"There's no question that Obama's the worst president on medical marijuana," Rob Kampia, executive director of the Marijuana Policy Project, told Rolling Stone earlier this year. "He's gone from first to worst."
Some believe Obama's tough-on-pot stance suggests the feds might stop Washington and Colorado from setting up legal sales. After all, the initiatives don't even offer any pretense about medicating cancer. They simply make it legal to buy pot from a licensed distributor, then light up.
"Once these states actually try to implement these laws, we will see an effort by the feds to shut it down," Kevin Sabet, a former senior drug policy adviser to the president, told NBC News. "We can only guess now what exactly that would look like. But the recent U.S. attorney actions against medical marijuana portends an aggressive effort to stop state-sponsored growing and selling at the outset."
NO 'MAJOR CRACKDOWN'
Perhaps unsurprisingly, the backers of the Washington and Colorado initiatives are more optimistic. Their message, which I heard versions of in three interviews, boiled down to this: There hasn't actually been a national crackdown on medical marijuana, and with the right steps, there might not be a crackdown on commercial marijuana, either.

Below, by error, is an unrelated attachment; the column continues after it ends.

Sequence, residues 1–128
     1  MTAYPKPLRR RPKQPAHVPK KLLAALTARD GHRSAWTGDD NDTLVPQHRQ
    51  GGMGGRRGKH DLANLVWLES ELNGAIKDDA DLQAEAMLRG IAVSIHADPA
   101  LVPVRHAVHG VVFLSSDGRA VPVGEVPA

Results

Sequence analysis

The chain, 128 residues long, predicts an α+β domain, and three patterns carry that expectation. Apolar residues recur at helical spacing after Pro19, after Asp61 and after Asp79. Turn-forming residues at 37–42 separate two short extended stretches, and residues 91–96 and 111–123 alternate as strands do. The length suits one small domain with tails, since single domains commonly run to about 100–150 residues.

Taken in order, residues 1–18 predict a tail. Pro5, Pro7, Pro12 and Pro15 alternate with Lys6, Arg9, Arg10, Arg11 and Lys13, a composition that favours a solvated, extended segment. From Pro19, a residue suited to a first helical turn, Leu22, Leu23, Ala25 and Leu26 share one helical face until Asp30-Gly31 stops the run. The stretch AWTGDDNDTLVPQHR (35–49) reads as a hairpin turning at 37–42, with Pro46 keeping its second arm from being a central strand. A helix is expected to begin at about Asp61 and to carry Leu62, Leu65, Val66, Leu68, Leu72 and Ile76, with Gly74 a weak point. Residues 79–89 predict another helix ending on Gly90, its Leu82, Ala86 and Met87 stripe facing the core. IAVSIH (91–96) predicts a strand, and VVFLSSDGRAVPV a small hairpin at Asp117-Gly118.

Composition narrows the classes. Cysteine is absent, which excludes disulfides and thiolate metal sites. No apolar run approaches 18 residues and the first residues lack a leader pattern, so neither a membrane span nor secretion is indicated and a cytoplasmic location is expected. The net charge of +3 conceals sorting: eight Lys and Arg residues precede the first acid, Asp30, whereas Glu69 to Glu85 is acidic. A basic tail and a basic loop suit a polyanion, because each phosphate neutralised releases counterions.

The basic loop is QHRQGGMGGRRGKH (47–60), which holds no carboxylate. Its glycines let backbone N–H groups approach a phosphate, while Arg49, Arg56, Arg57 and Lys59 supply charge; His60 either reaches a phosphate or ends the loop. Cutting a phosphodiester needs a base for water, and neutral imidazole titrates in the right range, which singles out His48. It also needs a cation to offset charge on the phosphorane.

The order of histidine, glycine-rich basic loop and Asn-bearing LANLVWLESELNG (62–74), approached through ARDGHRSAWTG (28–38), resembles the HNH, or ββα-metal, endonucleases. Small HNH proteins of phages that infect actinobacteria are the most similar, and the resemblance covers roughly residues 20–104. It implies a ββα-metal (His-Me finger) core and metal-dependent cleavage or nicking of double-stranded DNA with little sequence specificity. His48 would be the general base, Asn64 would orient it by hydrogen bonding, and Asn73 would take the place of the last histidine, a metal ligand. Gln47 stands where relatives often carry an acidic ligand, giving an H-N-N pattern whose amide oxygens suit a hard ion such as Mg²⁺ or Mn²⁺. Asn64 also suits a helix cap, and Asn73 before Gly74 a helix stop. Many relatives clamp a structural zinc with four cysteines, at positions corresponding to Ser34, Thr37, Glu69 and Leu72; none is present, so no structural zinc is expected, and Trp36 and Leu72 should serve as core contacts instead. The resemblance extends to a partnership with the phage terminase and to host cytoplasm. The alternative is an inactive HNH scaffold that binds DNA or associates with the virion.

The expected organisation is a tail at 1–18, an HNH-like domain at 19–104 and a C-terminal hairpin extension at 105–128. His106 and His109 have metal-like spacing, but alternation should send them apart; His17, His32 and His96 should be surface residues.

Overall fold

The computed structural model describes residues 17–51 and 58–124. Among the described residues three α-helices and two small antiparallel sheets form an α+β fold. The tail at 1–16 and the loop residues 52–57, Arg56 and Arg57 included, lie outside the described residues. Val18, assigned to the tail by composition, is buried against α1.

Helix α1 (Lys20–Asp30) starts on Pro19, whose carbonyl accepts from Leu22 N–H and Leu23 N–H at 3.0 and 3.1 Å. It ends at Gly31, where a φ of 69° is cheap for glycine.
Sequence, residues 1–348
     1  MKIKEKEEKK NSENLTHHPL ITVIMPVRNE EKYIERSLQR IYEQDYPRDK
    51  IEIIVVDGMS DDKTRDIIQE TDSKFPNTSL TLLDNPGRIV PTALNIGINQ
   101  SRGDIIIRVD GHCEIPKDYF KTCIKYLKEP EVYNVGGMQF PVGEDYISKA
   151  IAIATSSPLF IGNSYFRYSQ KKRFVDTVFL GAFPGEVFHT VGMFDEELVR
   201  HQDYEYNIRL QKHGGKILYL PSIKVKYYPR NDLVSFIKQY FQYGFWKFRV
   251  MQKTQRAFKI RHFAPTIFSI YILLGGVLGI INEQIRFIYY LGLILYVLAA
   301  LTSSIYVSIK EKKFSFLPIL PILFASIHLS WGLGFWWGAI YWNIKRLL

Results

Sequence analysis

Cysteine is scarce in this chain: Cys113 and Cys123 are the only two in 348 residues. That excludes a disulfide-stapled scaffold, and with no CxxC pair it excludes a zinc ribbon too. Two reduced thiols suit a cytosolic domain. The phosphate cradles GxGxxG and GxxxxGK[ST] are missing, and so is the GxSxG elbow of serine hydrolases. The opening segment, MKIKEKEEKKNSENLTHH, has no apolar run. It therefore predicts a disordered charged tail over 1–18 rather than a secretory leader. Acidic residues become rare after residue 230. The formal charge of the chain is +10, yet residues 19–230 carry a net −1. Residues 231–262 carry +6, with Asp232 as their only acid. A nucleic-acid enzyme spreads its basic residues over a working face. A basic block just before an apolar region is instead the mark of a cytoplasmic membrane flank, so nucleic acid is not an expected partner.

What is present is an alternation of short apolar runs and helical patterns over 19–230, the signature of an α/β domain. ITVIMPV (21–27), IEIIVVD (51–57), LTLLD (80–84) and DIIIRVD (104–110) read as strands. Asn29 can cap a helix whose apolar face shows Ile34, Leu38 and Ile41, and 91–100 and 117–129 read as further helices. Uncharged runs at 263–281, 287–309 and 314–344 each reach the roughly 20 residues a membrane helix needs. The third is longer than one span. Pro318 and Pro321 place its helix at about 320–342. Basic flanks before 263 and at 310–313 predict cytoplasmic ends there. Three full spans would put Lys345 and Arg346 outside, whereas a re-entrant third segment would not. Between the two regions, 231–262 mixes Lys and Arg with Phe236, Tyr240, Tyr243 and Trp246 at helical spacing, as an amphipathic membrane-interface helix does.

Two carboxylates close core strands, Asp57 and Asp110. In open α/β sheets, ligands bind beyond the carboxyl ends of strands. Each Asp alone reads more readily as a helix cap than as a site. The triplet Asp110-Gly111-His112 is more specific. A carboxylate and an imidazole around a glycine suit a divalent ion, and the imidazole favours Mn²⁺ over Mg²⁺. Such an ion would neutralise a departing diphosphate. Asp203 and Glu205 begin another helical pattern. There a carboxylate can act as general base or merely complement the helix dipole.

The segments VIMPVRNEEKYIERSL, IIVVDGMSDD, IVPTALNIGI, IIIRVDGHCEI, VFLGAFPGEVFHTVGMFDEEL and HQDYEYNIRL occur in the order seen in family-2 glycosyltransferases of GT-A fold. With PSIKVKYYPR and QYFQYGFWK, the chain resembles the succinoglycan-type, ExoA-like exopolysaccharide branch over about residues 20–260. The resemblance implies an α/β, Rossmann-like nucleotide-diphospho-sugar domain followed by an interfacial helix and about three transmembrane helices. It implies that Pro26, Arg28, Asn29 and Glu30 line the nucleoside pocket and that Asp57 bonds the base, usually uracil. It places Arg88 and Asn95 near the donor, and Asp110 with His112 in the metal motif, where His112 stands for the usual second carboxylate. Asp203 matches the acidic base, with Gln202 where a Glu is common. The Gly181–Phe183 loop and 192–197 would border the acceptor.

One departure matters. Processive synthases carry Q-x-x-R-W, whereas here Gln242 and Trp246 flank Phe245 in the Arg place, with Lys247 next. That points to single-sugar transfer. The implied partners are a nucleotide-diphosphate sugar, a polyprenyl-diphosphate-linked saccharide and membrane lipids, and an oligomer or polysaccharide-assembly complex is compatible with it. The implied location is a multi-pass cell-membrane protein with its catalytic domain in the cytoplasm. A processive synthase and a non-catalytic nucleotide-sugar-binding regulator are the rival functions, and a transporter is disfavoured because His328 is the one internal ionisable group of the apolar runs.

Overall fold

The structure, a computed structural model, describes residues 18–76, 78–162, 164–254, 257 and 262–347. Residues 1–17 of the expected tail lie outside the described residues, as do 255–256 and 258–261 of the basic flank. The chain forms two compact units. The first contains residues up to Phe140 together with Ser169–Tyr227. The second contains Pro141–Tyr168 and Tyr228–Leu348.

In this telling, the recent flurry of raids and prosecutions against cannabis providers is not a sign that the administration intends to smother the medical marijuana industry in its cradle. Instead, it's been a response to the rapid growth of dispensaries in states like California, where ambiguous weed law leads to abuses.
"The federal government could go in and arrest everybody and indict everybody for distributing marijuana," said Alison Holcomb, the campaign director for New Approach Washington, which steered its state's legalization initiative. "They're not doing that."
THE DIFFERENCE BETWEEN CALIFORNIA AND COLORADO
On paper at least, there have been two major turning points in the Obama administration's medical marijuana policy. In October of 2009, Deputy Attorney General James Ogden issued a memo stating that prosecutors should not spend time and resources hunting after medical marijuana patients or their "caregivers," as long as they stayed "in clear and unambiguous compliance with existing state laws." For growers and dispensaries, this was seen as a green light to do business.
Even after the Ogden memo, there were still dozens of raids in Colorado, California, Michigan, Montana, and Nevada. Federal prosecutors sent letters to the governors of New Jersey and Washington advising them that state employees could end up in legal trouble just for giving licenses to medical marijuana businesses.
But the big pivot, the one that set the pro-pot community on edge, didn't come until June 2011, when Justice released a new memo that narrowed the definition of "caregiver." The new definition only applied to individuals, and excluded "commercial operations cultivating, selling or distributing marijuana." The Huffington Post's Ryan Grimm called it a "warning shot to medical marijuana shops," and the following months seemed to prove him right. The raids intensified, and other agencies, including the IRS, jumped into the fray.